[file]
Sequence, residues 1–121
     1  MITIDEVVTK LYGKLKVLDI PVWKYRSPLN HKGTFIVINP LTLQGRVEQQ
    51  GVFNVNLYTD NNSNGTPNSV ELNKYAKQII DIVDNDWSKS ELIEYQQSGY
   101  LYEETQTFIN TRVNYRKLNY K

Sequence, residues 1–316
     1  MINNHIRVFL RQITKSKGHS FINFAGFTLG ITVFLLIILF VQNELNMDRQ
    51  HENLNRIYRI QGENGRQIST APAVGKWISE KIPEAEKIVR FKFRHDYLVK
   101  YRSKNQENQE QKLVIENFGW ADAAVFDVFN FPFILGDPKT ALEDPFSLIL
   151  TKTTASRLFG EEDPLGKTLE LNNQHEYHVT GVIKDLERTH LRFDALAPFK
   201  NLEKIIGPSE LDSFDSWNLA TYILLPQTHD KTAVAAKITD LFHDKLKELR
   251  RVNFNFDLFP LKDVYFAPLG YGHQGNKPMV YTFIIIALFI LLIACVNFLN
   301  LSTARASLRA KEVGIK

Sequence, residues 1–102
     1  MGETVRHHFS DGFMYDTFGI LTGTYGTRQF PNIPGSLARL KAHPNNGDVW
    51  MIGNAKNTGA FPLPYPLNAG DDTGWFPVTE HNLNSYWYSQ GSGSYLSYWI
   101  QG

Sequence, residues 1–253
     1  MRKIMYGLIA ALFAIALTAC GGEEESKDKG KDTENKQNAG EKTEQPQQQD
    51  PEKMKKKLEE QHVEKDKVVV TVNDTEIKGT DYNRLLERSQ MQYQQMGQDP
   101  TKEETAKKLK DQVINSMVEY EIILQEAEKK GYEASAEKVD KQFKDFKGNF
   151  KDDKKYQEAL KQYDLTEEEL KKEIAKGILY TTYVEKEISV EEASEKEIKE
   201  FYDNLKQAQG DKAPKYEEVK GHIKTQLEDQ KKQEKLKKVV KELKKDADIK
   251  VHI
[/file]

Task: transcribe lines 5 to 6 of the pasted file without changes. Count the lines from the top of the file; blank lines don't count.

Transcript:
Sequence, residues 1–316
     1  MINNHIRVFL RQITKSKGHS FINFAGFTLG ITVFLLIILF VQNELNMDRQ